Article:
4.) Try Some Medicine.
If you can’t find an underlying medical condition, like periodic leg movements, reflux, seizures, obstructive sleep apnea, or restless legs, you might try some medications that your doctor can recommend. Medications to help with the underlying cause of your sleepwalking can also help control your sleepwalking episodes.
You may be able to stop taking sleepwalking medications after several weeks if you don’t have any problems with sleepwalking. Medications should be considered if other treatments haven’t helped, if you have excessive daytime sleepiness, or a lot of disruption to your daily life. They are also helpful if you at risk of injuring yourself.
How to Stop Sleep Talking
1.) Talk to Your Doctor.
If you’re experiencing screaming, being hard to wake during a sleep terror, thrashing, grunting, or acting out your dreams, talk to your doctor as you may be experiencing RBD or sleep terrors. There could be other medical conditions that underlie your sleep talking, so talking with your doctor can help you identify them and then seek proper treatment. You might talk with a sleep specialist who can help you get to the bottom of your sleep talking.
2.) Check Your Medications.
You can review your medications to see if any of them are known to cause talking in your sleep. This is best done with your doctor. Your doctor may be able to adjust the medicines you take or the times of day you take them.
3.) Reduce Your Stress Level.
Emotional stress can play a role in sleep talking. Consider telling people no when they ask you to participate in something that will cause you stress. Practice yoga, deep breathing exercises, or do a hobby that calms you down.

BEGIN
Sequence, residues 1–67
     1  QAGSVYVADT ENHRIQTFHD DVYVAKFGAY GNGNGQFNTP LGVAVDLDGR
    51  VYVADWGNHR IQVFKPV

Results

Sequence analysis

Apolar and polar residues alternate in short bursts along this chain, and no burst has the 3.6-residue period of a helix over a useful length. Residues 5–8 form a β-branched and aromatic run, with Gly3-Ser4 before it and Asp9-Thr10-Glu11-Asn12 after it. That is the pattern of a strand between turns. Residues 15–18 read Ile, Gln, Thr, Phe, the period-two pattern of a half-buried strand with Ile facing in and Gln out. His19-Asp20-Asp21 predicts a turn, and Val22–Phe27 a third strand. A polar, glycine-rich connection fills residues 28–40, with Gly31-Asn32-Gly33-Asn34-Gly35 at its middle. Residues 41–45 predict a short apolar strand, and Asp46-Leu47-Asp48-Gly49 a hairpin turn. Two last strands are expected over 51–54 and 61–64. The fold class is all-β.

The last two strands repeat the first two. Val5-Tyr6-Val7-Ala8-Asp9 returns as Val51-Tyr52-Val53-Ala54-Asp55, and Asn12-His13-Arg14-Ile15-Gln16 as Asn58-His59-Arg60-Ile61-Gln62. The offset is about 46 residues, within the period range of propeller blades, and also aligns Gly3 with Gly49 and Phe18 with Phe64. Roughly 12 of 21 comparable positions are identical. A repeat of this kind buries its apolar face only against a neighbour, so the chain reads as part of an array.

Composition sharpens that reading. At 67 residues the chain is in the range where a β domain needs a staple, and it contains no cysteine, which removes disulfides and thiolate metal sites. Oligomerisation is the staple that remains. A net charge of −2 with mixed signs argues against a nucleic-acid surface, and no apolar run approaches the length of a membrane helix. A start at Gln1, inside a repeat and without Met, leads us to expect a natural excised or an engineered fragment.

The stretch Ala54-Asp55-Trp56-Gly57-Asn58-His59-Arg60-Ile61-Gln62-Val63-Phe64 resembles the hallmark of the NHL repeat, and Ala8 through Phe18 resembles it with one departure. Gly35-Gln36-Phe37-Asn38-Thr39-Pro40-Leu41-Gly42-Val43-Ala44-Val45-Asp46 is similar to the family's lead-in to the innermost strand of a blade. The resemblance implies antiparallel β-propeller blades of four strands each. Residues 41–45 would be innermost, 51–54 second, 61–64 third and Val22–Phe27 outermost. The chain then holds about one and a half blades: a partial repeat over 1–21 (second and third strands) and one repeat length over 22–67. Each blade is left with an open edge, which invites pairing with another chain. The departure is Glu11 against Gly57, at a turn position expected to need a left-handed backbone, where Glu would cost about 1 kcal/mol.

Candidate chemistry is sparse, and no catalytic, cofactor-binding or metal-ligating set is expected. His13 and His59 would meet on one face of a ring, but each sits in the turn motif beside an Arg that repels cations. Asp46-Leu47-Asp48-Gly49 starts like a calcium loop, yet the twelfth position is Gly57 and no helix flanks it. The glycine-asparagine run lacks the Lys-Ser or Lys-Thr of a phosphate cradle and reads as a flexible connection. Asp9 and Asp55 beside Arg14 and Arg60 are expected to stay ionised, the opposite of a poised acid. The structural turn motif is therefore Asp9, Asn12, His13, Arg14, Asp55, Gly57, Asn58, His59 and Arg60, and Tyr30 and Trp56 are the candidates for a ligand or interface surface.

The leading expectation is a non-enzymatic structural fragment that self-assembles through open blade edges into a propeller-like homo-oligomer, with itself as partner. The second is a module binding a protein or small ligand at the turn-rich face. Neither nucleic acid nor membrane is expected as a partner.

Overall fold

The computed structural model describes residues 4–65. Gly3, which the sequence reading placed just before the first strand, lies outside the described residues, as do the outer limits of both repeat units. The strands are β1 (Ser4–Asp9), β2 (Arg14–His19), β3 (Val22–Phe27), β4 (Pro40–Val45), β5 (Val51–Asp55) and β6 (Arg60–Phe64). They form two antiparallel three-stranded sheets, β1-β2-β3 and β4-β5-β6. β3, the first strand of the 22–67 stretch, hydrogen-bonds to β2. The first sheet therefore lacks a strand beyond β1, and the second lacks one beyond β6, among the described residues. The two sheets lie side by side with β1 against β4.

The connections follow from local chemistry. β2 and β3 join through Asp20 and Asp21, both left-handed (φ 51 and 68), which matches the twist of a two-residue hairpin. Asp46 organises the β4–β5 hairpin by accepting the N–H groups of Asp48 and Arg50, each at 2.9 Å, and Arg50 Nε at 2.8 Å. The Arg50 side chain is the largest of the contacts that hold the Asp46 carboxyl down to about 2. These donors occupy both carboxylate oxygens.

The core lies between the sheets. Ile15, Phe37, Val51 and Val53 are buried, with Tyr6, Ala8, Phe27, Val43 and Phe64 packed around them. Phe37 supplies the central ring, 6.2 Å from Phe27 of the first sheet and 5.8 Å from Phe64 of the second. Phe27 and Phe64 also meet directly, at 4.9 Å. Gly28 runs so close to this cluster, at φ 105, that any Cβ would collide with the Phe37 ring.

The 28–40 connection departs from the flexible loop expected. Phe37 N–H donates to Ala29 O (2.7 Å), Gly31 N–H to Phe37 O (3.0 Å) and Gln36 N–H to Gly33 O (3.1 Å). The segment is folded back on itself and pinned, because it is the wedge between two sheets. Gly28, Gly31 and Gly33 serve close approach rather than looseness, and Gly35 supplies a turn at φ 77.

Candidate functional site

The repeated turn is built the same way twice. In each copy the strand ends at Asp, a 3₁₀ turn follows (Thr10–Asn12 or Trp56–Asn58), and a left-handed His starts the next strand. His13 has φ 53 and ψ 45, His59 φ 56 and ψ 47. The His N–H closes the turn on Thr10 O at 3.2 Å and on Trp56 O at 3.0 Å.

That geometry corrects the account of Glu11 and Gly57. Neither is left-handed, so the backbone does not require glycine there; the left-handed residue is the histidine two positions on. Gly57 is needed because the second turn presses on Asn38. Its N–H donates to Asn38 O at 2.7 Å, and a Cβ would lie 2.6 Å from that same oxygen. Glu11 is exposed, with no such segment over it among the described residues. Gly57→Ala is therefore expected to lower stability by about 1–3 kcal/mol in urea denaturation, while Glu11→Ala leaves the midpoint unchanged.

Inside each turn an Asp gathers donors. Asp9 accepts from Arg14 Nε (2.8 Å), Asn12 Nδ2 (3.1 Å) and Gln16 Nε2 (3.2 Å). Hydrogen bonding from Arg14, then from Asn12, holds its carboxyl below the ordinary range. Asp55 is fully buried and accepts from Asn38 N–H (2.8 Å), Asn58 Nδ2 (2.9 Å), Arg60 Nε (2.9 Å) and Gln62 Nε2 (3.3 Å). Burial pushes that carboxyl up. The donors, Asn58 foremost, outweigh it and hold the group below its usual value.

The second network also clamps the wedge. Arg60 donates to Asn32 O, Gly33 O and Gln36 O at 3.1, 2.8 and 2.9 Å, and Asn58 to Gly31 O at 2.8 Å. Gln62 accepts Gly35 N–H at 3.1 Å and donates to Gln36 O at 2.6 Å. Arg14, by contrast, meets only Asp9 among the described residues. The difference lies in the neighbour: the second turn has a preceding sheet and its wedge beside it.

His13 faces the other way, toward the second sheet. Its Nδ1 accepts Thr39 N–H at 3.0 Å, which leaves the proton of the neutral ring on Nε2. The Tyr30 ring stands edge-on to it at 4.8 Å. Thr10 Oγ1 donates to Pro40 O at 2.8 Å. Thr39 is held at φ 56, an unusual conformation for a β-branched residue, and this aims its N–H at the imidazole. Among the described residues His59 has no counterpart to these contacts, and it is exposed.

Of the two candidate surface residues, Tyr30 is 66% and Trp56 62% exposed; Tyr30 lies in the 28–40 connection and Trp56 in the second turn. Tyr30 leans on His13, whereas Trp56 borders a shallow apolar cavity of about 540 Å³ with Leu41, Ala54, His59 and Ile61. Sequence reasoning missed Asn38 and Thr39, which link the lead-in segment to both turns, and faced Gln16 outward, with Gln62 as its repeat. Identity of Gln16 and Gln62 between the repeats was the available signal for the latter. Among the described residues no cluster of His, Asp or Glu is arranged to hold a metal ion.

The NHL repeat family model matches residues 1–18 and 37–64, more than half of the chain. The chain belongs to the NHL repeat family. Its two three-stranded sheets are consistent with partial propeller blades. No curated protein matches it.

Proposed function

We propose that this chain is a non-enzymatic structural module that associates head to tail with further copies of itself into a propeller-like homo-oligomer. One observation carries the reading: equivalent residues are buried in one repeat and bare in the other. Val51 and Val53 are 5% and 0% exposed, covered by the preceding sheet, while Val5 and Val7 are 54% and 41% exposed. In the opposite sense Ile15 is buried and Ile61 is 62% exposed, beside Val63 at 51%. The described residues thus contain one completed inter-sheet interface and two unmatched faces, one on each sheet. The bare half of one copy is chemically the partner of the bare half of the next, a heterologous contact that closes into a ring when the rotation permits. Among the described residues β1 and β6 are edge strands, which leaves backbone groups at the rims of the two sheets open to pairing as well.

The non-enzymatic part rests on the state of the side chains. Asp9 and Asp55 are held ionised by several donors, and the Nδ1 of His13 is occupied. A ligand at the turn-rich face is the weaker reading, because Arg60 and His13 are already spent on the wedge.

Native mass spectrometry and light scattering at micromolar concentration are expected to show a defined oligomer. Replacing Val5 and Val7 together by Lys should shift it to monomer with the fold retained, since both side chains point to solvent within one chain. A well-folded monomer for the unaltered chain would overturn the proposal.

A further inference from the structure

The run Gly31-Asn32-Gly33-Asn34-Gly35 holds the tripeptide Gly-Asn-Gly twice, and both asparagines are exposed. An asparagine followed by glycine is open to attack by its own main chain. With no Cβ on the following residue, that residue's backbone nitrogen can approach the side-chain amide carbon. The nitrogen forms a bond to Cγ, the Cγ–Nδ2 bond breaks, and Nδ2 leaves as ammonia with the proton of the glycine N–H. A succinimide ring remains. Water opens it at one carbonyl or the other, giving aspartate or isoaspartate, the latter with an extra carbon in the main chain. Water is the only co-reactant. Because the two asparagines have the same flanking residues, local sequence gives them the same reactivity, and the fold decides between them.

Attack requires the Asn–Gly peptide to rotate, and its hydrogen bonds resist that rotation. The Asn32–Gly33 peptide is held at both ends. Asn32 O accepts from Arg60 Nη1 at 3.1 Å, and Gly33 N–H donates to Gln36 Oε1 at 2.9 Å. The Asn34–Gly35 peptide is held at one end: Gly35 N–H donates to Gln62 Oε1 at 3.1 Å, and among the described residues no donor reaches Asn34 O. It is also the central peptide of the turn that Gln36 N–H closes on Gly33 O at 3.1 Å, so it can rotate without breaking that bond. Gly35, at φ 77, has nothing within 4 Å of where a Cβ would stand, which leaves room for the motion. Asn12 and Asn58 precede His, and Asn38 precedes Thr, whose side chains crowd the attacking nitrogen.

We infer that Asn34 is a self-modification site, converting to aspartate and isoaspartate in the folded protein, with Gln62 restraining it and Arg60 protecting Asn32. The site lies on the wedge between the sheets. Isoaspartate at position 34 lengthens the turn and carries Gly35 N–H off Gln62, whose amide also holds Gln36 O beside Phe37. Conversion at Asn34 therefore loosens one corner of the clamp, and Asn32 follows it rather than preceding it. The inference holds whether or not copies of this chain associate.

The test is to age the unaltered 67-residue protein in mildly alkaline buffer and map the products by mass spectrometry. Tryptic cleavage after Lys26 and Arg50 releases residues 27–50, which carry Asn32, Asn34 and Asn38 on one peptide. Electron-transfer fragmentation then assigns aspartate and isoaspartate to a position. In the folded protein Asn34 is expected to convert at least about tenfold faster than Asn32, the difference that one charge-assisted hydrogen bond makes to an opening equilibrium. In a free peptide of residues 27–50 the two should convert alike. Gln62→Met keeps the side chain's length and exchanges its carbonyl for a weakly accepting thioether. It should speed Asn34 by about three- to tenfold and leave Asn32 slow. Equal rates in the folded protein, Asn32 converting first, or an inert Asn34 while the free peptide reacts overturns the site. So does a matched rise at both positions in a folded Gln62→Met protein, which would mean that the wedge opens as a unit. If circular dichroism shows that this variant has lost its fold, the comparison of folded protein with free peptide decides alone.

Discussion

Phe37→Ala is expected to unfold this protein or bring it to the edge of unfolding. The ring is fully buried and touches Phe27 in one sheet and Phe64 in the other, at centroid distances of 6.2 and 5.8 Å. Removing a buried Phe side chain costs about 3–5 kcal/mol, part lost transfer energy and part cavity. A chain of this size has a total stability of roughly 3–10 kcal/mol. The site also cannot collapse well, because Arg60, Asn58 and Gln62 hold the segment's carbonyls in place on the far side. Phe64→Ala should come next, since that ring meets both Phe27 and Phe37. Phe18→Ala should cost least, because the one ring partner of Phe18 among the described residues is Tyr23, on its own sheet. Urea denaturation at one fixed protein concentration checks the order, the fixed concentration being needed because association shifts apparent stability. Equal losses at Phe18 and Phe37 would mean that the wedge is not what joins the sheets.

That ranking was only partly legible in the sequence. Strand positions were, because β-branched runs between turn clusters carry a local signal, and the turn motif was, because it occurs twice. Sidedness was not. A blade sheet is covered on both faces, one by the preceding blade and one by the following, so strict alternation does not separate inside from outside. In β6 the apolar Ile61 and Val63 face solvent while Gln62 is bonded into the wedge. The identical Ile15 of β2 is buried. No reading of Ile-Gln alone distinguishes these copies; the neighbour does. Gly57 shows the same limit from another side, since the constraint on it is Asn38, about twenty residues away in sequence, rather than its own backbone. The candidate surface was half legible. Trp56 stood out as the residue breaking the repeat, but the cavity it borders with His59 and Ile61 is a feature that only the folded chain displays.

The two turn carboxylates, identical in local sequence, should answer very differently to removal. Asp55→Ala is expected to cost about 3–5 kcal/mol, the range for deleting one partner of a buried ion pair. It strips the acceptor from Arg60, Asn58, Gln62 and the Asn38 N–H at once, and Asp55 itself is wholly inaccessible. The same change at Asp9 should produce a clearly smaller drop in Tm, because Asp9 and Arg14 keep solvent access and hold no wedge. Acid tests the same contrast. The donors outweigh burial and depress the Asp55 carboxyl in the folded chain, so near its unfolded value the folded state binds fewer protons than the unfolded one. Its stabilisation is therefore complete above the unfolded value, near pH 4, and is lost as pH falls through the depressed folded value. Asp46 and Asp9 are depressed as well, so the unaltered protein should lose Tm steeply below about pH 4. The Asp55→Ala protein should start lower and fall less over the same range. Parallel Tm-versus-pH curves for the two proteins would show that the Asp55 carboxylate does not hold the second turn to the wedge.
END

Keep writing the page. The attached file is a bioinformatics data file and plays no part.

4.) Get more sleep.
While there are no sure fire ways to reduce sleep talking, getting more reset may make you less likely to chatter in your sleep. Go to bed at the same time each night, and get up at the same time each day to keep your biological clock working properly. Avoid alcohol, heavy meals, and caffeine before bed, too.
Alcohol may help you to fall asleep, but it can interrupt sleep patterns. Heavy meals are hard to digest while going to sleep and may keep you awake. Caffeine will likely make it hard for your body to go to sleep if you have it too close to bed time. Avoid sugary drinks as well, and don’t eat less than four hours before sleeping. Avoid blue light from your phone or computer screens before bed as it can inhibit the levels of melatonin in your body that help you to sleep.
5.) Keep a Sleep Diary.
Write down the times you go to sleep, when you think you fell asleep, and your waking time. Write down when you take your medicines and what they are in the diary as well to help you cross reference instances of sleep talking with taking them, in case there is a link. Also, write down what you eat and drink, especially soda, coffee, alcohol, and tea that have caffeine. Jot down when you exercise and what kind of exercise you do, too.
Being proactive about your sleepwalking and/or sleep talking is the first step to getting them under control. There are several options to help reduce the number of episodes of each that you experience. Most of them involve setting a regular, bedtime routine that you stick with every day. You can also track your sleep habits in a journal and talk to your doctor about medical alternatives that you may not have considered or been aware of as possible treatment options.